Grunch of Giants by R. Buckminster Fuller
September 24, 2009 by Bob Livingston
“Gross Universe Cash Heist (Grunch)” is the theory that large corporations use the government to enforce their economic suppression of the rest of society and steal resources and assets from around the world whenever and wherever they want.
Written by inventor, architect, engineer, geometrician, cartographer and philosopher R. Buckminster Fuller in 1981, Grunch of Giants postulates the theory that the United States industrial complex—corporations—are controlling world events for their own ends. Even politicians are controlled by Grunch, a vast invisible empire that includes airwaves and satellites, factories and research laboratories and large cities.
Nobody knows who runs Grunch, but it controls all the world’s banks and does just what its lawyers tell it to do. All decisions for Grunch are made in back rooms, with the deciding factors being business and money.
According to Fuller, every day 75,000 humans around the world die of starvation and its side effects, even though more than enough food is produced to support all the people on earth. Grunch did not cause this, Fuller says, but Grunch could easily end it if it so chose.
Grunch, Fuller writes, did not invent the universe. In fact, it did not invent anything. It monopolizes know-where and know-how but is devoid of know-why. It is preoccupied with absolute selfishness and its guaranteed gratifications. It is as blind as its Swiss banks are mute.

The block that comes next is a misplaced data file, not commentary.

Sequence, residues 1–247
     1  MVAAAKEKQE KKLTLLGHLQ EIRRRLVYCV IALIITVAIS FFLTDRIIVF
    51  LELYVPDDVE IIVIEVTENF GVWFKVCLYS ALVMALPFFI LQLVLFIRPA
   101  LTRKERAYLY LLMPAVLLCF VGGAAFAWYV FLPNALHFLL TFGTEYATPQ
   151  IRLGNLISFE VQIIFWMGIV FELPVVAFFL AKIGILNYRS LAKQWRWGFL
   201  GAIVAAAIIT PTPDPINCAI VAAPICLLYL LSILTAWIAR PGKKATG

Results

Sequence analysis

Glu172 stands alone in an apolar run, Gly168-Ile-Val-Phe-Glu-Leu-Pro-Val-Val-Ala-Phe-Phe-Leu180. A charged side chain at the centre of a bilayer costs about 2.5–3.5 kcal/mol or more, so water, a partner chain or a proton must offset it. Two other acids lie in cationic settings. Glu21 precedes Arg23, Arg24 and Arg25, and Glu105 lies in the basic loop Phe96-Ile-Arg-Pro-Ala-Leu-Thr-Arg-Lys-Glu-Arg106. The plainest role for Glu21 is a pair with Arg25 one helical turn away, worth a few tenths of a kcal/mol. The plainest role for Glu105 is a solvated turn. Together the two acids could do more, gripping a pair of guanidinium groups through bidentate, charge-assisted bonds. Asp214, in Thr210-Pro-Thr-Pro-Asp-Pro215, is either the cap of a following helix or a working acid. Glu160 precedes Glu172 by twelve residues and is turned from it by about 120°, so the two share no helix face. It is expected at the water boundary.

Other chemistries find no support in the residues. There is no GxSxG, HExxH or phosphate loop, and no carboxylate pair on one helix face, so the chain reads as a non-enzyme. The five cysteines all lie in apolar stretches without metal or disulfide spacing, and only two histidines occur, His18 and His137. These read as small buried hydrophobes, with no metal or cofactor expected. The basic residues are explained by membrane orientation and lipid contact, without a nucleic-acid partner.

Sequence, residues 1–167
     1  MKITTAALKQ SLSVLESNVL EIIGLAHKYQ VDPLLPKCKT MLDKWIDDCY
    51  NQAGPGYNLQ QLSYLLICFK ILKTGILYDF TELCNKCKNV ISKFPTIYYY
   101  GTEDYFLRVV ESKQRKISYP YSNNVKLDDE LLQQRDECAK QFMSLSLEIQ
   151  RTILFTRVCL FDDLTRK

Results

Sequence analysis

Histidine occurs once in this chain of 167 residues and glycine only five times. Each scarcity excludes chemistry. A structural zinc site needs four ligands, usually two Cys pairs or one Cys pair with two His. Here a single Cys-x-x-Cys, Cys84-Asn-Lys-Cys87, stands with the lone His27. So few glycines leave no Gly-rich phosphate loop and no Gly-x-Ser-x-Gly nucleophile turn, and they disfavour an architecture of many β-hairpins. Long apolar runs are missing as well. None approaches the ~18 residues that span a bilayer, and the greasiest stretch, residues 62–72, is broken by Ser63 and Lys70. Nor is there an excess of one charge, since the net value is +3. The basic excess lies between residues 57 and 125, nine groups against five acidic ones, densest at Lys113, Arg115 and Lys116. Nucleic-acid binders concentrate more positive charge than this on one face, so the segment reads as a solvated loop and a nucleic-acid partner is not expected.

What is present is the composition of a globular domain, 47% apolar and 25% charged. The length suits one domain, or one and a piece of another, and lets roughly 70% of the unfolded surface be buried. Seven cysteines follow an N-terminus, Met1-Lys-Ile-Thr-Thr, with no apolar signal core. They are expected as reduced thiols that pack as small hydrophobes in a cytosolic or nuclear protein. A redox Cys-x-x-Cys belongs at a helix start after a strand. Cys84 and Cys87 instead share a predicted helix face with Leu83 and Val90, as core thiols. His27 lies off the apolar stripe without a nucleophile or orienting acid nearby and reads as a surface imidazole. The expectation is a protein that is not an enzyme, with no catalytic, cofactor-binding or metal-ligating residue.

In order to understand how the Grunch works, Fuller says you must first study their history and development. In beginning his explanation, Fuller quotes one of his friends, who he called a giant and described as a member of the Morgan family (presumably the J.P. Morgan banker family). “Bucky, I’m very fond of you, so I am sorry to have to tell you that you will never be a success. You go around explaining in simple terms that which people have not been comprehending, when the first law of success is, ‘Never make things simple when you can make them complicated.’”
One of the first things Fuller had to do was make a decision: Did he want to try to make money, or make sense, as the two things are mutually exclusive. So Fuller decided to make sense and he used his books to explain how the world works.
This book is not light reading. In fact, it is often difficult to follow and at times quite scientific in its language. Nor is it for the closed-minded, because it challenges conventional thinking and forces the reader to look at the world from a different paradigm.
But if you are willing to consider that things aren’t as they seem, and in fact are completely different from what all are taught, then this book makes a good addition to your library.